The buzz in the association industry over the past several years has been largely focused on member engagement—how to get members more involved, how to track their participation, how to tweak events and marketing based on engagement analytics. For all the time spent discussing how to get members more engaged in associations, little has been paid to how associations can better engage with their members.
In the end, it all comes down to focus.
Management consultant John Spence recently wrote on how asking great questions, being an intense listener, and taking great notes can make a crucial difference in sales success. In essence, when you listen to people—when you focus on what they’re telling you—you show them respect, which directly results in a better (and most likely more profitable) relationship.
The idea easily translates to the membership sector. How can it not?
When we turn off distractions, focus on what we’re hearing, and actively participate in conversation with each other, we get a deeper understanding of one another’s concerns. We not only show that we’re interested, but the knowledge gained helps us to better problem solve the situation.
Spence suggests the following nine steps to focusing during any member (or prospective member) interaction:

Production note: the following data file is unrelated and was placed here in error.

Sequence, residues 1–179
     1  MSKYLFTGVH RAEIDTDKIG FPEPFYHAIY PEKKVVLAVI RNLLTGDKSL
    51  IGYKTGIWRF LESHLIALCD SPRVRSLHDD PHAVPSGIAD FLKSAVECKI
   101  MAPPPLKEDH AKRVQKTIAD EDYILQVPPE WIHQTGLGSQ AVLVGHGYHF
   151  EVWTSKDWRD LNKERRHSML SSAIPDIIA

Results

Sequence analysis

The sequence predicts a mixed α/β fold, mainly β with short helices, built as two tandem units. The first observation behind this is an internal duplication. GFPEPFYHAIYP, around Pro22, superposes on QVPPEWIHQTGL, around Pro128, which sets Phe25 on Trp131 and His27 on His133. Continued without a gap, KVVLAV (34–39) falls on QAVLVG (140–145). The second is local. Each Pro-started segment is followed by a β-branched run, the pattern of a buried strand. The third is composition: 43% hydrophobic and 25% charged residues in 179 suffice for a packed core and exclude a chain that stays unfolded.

- Turn off all electronic devices and distractions.
- Bring a professional notebook to take notes in.
- Always have an extra pen on hand.
- Show you’re interested though body language and eye contact, or through verbal cues if you’re on the phone.
- Clear your mind of clutter by internally repeating what the member is telling you. This will also help you retain what he or she is saying.
- Use symbols and emphasis in your notes to help you recap the conversation before you end it.
- Transfer the notes into a clean copy and summarize them.
- Send the summary to the member to confirm you’re both on the same page.
- Keep a copy for yourself so you can refer to it days, months, or even years later when you need to reconnect.
Focus and follow-up like this is rare in personal communication these days. Try this with your next committee meeting, member lunch, or prospective phone call. You might be surprised on how much engagement you’ll receive from a simple page of notes and a few thoughtful questions.